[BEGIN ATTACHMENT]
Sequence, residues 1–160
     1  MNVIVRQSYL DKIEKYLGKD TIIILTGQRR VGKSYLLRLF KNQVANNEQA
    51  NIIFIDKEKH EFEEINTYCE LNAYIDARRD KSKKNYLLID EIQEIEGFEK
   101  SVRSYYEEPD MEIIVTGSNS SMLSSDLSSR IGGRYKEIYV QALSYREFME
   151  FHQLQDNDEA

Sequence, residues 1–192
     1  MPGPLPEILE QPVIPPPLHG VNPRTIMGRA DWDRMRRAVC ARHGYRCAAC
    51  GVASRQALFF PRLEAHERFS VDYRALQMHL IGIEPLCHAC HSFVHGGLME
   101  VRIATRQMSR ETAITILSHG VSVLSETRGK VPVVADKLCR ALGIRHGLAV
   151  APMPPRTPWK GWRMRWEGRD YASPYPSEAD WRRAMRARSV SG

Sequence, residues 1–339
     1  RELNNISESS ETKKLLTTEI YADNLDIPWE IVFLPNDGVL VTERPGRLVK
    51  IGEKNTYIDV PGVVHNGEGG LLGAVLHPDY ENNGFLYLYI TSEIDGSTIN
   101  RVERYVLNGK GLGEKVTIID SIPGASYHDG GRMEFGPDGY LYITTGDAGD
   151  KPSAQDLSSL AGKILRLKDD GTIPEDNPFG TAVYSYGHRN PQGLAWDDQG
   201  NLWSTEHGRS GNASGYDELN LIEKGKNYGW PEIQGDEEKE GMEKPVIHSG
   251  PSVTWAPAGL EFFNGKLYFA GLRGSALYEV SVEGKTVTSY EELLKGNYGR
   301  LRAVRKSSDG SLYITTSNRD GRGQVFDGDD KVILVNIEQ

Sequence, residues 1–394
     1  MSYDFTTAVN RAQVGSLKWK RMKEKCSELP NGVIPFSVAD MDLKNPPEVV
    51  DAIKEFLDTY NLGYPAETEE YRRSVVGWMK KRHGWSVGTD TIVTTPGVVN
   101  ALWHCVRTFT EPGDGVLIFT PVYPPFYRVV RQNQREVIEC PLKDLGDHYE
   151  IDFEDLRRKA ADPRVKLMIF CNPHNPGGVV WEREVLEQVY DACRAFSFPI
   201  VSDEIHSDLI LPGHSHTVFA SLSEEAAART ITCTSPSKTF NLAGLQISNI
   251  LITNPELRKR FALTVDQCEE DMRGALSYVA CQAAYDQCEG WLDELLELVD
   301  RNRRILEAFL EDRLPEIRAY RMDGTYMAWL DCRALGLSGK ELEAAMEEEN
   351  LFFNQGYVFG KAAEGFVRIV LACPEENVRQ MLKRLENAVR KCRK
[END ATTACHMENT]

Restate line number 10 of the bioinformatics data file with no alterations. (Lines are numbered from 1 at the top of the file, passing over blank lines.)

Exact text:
   151  APMPPRTPWK GWRMRWEGRD YASPYPSEAD WRRAMRARSV SG